The Oregonian’s Noelle Crombie recently obtained a report prepared by the Oregon State Police assessing the impacts of legal cannabis production and black market diversion. As Crobie notes in her piece, the OSP refused to release the report after multiple requests, but Ms. Crombie apparently would not be denied and she acquired a version of the report that may be refined.. Not surprisingly, the report doesn’t paint Oregon in the best light. But then again, when has law enforcement ever produced any type of documentation on cannabis that didn’t remind you of the kind of extreme finger-wagging you get from your crazy Aunt Myrtle about the “inappropriate” casual pants you wore to the family reunion?
To begin with, police are extremely worried that an underground market for cannabis exists. I call that a success. Not long ago, the police were only worried that cannabis itself exists. Finally, resources have been redirected to watch tracked market activity, rather than continuing the old game of Whack-a-Mole, where any presence of cannabis was tantamount to turning humans into evil, baby-eating zombies, and all persons in a half-mile radius were guilty of unforgivable crimes by association.
According to the report released last week, police are really worried about making sure cannabis is legal:
“The illicit exportation of cannabis must be stemmed as it undermines the spirit of the law and the integrity of the legal market. Crime, especially large scale underground trade, is difficult to measure and distorts economic data and, consequently, complicates governance over economic issues. Indeed, there are tangible negative socioeconomic effects from cannabis diversion, paramount among them is that as a form of illicit trade it steals economic power from the market, the government, and the citizens of Oregon, and furnishes it to criminals, thereby tarnishing state compliance efforts.”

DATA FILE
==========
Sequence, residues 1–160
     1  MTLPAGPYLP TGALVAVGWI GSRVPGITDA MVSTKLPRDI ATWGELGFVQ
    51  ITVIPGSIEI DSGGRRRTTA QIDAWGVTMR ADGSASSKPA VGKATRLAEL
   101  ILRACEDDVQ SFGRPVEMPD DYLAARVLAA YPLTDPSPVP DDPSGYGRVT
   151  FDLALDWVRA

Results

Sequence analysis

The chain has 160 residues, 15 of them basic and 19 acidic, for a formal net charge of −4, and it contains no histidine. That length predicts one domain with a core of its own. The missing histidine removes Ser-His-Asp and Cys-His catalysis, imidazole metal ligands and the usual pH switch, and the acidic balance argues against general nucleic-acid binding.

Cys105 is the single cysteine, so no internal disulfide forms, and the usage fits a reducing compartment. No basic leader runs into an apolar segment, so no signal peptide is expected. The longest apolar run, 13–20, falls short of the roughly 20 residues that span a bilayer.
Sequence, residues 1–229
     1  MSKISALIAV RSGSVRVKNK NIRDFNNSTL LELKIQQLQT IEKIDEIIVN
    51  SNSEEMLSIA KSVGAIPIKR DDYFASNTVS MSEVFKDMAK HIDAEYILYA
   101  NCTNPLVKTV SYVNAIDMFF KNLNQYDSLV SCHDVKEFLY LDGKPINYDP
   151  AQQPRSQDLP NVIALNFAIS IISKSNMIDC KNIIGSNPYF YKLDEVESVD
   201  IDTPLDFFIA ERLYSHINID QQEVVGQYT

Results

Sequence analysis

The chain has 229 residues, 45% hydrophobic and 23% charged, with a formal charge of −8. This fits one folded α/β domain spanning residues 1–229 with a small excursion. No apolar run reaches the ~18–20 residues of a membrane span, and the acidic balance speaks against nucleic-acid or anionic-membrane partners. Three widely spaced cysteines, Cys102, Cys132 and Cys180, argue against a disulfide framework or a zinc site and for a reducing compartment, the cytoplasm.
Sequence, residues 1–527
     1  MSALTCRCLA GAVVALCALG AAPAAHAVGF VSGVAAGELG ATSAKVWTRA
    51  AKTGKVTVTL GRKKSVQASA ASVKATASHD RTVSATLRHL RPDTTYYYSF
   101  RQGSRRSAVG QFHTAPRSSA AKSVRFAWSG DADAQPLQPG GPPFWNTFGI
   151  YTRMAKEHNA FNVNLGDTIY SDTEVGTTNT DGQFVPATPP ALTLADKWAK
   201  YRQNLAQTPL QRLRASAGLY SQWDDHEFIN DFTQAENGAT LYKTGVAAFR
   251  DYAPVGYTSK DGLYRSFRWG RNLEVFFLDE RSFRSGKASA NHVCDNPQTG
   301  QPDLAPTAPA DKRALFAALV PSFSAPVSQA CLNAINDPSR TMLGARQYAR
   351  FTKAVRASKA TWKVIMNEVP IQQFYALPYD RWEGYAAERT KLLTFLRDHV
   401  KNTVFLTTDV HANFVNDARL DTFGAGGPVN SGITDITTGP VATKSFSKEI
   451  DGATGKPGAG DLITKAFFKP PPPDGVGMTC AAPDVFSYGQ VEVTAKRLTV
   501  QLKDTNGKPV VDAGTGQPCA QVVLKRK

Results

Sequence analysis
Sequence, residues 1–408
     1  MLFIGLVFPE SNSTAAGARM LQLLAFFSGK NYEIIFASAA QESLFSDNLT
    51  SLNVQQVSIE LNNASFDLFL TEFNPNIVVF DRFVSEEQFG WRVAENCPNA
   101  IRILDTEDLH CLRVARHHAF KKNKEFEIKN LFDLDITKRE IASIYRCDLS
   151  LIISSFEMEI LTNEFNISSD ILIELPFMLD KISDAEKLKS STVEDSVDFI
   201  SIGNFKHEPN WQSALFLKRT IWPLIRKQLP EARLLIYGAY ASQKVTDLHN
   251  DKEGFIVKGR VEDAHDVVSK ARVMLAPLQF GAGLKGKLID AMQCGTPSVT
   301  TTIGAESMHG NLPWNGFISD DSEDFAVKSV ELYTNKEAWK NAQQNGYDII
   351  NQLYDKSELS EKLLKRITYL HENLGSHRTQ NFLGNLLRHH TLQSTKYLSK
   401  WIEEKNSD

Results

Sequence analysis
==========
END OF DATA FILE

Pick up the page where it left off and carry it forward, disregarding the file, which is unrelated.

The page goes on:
To me, this sounds to me kind of like an old talking point for legalization generally.
Implementing sensible oversight and accountability of the market is exactly what needs to happen for legalization of both medical and adult-use cannabis to be effective. Of course, diversion to the criminal market is an issue of genuine concern. But the takeaway from this is not that nothing is working in Oregon, and the medical community is to blame, as Oregon State Senate Majority Leader Ginny Burdick(D) seems to suggest.
Legal marijuana brought in six times as much revenue as the state government initially predicted in 2016 and each dollar spent in the regulated system is money taken out of the criminal market. It’s important to remember that not long ago, all cannabis was sold in an illegal market, and it is foolish to believe those networks will instantaneously disappear.
Wrinkles clearly need to be ironed out in terms of effective policies for both the medical and recreational systems in Oregon. Let’s not panic and point fingers at patient providers, as seems to be the intimation of police and some lawmakers; instead, let’s learn as citizens what is happening and do what we can to find effective policy solutions that meet the needs of patients, growers, producers and citizens. Eliminating overburdensome regulations and fees is a much better policy than instituting regulatory and financial hurdles that create a new prohibition.
Thankfully, legalized cannabis is here to stay as Oregon voters strongly support legal marijuana. We simply need to build upon our success and implement a system that brings more and more people into a regulated system that works for patients, compassionate providers, industry participants, and all Oregonians.
Come learn the latest about next steps for Oregon’s cannabis communities and policies at the state’s most important cannabis event, the Oregon Marijuana Business Conference on April 28, 2017, at the Valley River Inn in Eugene. Get your tickets today!
This story has been updated to reflect that that Noelle Crombie obtained the OSP report after initial requests were denied.